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Home » Graphing Equations » Graphing Slope

# Graphing Slope

A Prerequisite to Graphing Linear Equations

**slope = rise/run.**

## Steps for Graphing a Line With a Given Slope

## Example 1

## Example 2

## Other Lessons You Might Like on Graphing Equations

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A Prerequisite to Graphing Linear Equations

Accurately graphing slope is the key to graphing linear equations. In the previous lesson, Calculating Slope, you learned how to calculate the slope of a line.

In this lesson, you are going to graph a line, given the slope.

We are still going to use the definition of slope, which is:

Instead of counting the rise and run until you reach the next point, you are going to count the rise and run to **plot** the next point. You must have at least two points to draw a line.

Let's take a look at the directions and an example.

- Plot a point on the y-axis. (In the next lesson, Graphing with Slope Intercept Form, you will learn the exact point that needs to be plotted first. For right now, we are only focusing on slope.)
- Look at the numerator of the slope. Count the rise from the point that you plotted. If the slope is positive, count up and if the slope is negative, count down.
- Look at the denominator of the slope. Count the run to the right.
- Plot your point.
- Repeat the above steps from your second point to plot a third point if you wish.
- Draw a straight line through your points.

The trickiest part about graphing slope is knowing which way to rise and run if the slope is negative!

If the slope is negative, then only one - either the numerator or denominator is negative (NOT Both!)
Remember your rules for dividing integers? If the signs are **different** then the answer is negative!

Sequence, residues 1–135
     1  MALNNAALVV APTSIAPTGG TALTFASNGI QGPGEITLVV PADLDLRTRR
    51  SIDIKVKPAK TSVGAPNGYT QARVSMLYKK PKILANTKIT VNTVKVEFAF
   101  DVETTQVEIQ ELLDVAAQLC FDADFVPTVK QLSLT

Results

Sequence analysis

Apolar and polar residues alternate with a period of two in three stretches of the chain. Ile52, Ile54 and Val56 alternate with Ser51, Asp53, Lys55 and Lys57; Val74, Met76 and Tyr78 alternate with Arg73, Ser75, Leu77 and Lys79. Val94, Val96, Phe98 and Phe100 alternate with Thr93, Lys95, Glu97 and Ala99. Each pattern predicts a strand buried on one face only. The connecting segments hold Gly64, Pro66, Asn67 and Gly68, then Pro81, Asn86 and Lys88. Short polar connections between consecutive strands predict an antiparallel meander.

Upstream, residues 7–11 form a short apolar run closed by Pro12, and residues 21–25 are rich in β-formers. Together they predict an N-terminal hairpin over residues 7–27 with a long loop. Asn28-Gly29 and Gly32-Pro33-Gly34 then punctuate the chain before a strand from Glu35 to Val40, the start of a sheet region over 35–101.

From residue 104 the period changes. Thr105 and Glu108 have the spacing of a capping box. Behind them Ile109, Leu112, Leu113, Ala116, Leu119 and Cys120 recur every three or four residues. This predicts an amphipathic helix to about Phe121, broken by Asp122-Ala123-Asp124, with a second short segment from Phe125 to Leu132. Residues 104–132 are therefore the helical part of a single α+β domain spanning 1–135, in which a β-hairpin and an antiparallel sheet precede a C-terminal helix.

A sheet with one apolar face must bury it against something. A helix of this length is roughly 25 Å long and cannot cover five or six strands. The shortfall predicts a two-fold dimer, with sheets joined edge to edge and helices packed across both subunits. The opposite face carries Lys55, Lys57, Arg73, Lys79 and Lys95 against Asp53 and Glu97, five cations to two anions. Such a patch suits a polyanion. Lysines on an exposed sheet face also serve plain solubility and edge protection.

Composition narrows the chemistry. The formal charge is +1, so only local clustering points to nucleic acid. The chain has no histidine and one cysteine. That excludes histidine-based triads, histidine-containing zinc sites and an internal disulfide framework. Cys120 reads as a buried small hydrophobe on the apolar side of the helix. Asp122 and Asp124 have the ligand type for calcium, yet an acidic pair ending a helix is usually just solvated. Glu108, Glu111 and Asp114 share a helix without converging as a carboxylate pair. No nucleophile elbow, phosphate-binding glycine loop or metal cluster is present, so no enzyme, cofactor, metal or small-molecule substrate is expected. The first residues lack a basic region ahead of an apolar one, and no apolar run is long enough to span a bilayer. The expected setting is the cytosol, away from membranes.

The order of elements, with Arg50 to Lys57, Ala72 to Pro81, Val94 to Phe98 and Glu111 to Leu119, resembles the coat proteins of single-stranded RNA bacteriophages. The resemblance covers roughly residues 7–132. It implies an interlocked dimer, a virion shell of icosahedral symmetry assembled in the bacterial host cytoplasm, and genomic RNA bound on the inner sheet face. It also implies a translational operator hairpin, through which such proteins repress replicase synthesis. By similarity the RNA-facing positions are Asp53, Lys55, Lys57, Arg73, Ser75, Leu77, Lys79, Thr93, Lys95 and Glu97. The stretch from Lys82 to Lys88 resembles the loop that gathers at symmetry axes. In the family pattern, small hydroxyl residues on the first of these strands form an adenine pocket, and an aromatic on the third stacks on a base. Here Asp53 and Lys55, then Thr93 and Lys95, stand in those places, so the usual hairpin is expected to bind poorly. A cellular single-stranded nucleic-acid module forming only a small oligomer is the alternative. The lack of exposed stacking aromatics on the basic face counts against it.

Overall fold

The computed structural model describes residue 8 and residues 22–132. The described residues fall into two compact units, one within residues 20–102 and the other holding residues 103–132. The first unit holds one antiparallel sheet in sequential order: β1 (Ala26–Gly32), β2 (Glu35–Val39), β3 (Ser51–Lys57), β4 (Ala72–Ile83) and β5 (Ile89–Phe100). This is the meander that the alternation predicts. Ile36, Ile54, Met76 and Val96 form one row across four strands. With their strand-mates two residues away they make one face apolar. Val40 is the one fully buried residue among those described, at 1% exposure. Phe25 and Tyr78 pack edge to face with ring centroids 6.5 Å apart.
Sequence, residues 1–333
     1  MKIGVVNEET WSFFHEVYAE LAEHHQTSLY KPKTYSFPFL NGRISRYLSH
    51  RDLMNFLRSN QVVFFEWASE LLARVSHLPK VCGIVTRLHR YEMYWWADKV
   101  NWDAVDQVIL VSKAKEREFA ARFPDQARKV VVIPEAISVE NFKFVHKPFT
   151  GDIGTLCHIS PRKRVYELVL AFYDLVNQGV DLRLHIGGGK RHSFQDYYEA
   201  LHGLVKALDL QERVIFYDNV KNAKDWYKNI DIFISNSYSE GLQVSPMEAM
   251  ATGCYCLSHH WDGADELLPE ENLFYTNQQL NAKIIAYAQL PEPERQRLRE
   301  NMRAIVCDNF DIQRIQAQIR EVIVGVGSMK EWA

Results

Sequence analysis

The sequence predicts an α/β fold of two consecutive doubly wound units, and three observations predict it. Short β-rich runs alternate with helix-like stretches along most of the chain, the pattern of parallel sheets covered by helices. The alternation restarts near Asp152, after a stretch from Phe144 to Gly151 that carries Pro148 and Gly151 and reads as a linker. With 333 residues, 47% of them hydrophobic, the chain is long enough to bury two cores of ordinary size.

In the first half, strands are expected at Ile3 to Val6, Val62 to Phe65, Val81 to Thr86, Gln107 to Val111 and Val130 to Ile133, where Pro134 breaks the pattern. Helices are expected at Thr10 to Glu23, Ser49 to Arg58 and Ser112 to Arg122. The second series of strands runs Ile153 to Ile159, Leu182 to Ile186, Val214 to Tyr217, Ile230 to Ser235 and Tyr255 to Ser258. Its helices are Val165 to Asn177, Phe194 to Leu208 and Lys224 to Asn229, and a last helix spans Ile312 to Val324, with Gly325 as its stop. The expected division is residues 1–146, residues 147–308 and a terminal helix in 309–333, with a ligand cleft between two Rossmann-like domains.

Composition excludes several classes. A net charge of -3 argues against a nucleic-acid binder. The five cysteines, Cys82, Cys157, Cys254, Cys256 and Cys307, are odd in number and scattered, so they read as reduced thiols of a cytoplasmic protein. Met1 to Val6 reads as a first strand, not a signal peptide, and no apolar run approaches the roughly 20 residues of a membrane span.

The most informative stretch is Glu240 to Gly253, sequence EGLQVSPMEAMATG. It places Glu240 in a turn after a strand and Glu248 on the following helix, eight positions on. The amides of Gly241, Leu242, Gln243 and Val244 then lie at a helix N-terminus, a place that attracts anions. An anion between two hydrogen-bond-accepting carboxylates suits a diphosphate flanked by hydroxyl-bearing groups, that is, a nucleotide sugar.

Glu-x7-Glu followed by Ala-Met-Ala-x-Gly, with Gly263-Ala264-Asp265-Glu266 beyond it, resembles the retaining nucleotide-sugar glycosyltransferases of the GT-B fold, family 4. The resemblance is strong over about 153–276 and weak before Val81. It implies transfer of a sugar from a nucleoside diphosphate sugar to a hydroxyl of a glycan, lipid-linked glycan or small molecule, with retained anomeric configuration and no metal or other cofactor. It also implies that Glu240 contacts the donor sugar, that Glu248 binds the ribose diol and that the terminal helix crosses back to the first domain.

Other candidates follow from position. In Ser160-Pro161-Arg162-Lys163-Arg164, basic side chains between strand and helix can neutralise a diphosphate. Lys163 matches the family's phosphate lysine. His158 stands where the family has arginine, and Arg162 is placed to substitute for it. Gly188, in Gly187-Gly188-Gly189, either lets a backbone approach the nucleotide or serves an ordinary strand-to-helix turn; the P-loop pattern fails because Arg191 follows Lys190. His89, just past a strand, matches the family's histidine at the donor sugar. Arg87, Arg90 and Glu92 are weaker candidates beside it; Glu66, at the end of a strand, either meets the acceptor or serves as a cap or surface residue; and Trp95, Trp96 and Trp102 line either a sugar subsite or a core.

If the slope is **negative** you can plot your next point by going **down and right** OR **up and left**.

If the slope is **positive** you can plot your next point by going **up and right** OR** down and left**.

Example 1 shows how to graph a line with a slope of 2/3.

Example 2 shows how to graph a line with a slope of -3.

But, what do we do when the slope doesn't have a denominator? Can we write -3 as a fraction?

Yes.. we can make any integer a fraction by dividing by 1. So, -3/1 is the fraction used to graph slope.

Take a look at the following video if you need this concept explained further.

If you want to see this example on video, click here to visit my You Tube channel.

Let's take a look at a few notes that will help you make sure your graphs are correct when graphing linear equations.

- When reading the graph from left to right,
**the line rises if the slope is positive.** - When reading the graph from left to right,
**the line falls if the slope is negative.** - The line gets steeper as the
**absolute value of the slope**get larger. (look at the numeral of the slope, not the sign) - For example a slope of 2 is steeper than a slope of 1/4.
- A slope of -3 is much steeper than a slope of 1.

Remember these tips about graphing slope because as you start to graph equations, you will be able to check your work to make sure that your graph is correct!

Now that you know how to graph slope, you are ready to move onto using Slope Intercept Form to graph your equations.

Graphing Equations Unit

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